“Stop right there, white boy!” I heard shouted from inside the bar/BBQ joint.
It was 1971. I was 16, just old enough to drive one of my parents’ delivery vans for Tom’s Snack Foods.
I’d been assigned to serve the Green County route out of our home in Tuscaloosa, Alabama. Just eight years earlier, Alabama Gov. George Wallace — a Methodist — had stood “in the school house door” at the University of Alabama in Tuscaloosa to block the first Blacks from enrolling.
I now stood in front of the screen door of the beer and BBQ joint being denied entrance.
The owner came to the screen door to explain our world to me.
“The high sheriff of Green County will shut me down if a white teenager comes inside,” he said. “I can see you drive up. Just come to this screen door, and I’ll tell you what I need.”
I used this custom with all of the Black-owned businesses from then on. For the rest of that summer, we conducted business through screen doors.
Brown v. Board of Education had struck down separate-but-equal public schools the year before I was born. I attended integrated junior and senior high schools.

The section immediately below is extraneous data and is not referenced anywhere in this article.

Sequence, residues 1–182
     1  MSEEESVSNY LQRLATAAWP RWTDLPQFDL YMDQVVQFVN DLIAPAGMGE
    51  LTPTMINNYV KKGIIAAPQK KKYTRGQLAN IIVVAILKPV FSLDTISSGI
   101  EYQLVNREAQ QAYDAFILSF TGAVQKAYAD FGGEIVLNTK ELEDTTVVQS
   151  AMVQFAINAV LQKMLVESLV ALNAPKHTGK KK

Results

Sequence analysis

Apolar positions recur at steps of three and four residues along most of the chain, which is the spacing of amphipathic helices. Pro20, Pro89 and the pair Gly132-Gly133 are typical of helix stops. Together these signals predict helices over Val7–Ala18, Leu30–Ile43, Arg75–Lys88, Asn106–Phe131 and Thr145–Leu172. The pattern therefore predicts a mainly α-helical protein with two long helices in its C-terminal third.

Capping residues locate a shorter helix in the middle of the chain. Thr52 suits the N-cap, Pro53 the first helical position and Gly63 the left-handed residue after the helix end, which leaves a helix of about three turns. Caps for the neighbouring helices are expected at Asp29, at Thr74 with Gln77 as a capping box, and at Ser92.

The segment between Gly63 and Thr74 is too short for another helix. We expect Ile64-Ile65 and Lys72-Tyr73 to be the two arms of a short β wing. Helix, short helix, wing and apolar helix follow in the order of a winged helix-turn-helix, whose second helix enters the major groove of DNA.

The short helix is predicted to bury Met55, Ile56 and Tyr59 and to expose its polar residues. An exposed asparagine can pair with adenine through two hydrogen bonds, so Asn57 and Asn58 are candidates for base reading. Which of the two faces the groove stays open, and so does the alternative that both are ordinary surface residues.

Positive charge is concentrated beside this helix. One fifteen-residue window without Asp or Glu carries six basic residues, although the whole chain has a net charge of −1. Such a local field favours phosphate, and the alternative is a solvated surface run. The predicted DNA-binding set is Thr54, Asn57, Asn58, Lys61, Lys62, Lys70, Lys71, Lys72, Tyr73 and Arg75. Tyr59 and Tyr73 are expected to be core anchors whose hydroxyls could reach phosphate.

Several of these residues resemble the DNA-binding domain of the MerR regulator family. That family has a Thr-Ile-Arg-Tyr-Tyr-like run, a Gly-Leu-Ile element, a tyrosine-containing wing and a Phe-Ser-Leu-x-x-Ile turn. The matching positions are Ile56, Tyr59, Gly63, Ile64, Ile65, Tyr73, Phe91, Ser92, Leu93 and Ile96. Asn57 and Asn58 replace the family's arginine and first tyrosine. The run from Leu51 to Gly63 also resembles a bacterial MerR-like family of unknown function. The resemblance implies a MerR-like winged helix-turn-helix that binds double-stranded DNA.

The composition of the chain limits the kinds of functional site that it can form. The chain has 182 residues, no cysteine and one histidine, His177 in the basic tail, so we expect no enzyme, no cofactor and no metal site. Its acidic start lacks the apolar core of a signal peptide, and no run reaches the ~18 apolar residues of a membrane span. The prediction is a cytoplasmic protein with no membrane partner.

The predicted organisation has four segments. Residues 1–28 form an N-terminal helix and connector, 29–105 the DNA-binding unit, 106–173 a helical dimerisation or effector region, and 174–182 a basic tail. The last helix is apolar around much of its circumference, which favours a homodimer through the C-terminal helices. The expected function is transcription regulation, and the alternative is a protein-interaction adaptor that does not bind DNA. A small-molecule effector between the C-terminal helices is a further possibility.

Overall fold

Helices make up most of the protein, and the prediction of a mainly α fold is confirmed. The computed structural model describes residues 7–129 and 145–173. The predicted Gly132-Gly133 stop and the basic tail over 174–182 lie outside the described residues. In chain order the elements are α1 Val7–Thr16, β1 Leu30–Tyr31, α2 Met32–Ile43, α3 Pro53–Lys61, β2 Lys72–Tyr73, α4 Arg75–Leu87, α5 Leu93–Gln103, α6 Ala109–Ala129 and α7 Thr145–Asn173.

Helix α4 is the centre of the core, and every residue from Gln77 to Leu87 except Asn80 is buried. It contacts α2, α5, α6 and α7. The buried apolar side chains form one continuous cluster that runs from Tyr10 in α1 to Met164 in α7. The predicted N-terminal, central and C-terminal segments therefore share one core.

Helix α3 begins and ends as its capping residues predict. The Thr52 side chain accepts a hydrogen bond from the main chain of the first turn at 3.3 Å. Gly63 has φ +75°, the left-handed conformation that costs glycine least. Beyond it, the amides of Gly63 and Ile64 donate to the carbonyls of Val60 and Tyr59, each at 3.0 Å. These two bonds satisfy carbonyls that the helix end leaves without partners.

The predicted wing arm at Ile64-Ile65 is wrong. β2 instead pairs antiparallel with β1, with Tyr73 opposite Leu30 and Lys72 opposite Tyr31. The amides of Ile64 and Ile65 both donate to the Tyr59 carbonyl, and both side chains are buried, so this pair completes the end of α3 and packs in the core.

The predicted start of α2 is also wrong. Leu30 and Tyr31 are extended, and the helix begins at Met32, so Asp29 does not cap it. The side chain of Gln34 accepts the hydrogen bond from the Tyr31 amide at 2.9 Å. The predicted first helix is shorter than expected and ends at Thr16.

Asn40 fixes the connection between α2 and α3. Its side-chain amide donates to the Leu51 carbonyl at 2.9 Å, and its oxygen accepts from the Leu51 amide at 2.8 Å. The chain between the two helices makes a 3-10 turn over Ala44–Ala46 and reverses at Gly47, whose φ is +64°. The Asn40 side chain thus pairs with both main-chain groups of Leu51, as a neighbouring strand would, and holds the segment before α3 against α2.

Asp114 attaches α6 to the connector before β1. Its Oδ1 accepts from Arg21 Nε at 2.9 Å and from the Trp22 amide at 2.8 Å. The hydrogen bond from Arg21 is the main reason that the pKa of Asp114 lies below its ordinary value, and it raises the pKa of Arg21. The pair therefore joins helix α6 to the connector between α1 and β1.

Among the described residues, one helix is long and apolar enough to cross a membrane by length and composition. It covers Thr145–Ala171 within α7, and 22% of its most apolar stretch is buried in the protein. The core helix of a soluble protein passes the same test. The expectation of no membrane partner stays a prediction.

The Voting and Civil Rights acts had officially ended Jim Crow.
But there I and the Black business owners were in 1971, living in a twilight zone of change.
Today these rural Alabama businesses have probably gone. Almost all looked like the Whistle Stop Café in the movie Fried Green Tomatoes. I tear up recalling my childhood each time I see the final scene where the rusted and rotted down little stores had stood.
However, I don’t cry for the fear that segregation brought to the time and place in which I lived, where Black and white alike had our behaviors limited and monitored.
Hicks is a retired local pastor who is an active volunteer in prison ministry, a financial coach and an author whose latest book, “Your God is Still Too Small,” will be out in 2022. He resides in Oklahoma City.
To read more reflections on racism or submit your story, visit our landing page, We are God's family: Personal Encounters with Racism.
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